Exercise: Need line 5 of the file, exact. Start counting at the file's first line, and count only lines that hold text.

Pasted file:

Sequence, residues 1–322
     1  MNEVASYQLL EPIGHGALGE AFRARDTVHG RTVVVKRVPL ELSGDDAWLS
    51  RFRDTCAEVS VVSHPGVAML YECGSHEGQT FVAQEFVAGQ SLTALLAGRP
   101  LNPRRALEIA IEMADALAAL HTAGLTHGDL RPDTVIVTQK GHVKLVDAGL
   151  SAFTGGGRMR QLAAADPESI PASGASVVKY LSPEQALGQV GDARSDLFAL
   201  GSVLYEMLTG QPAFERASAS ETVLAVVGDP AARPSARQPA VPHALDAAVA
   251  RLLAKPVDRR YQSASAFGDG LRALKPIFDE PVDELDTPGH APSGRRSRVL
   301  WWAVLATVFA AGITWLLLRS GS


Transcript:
   151  SAFTGGGRMR QLAAADPESI PASGASVVKY LSPEQALGQV GDARSDLFAL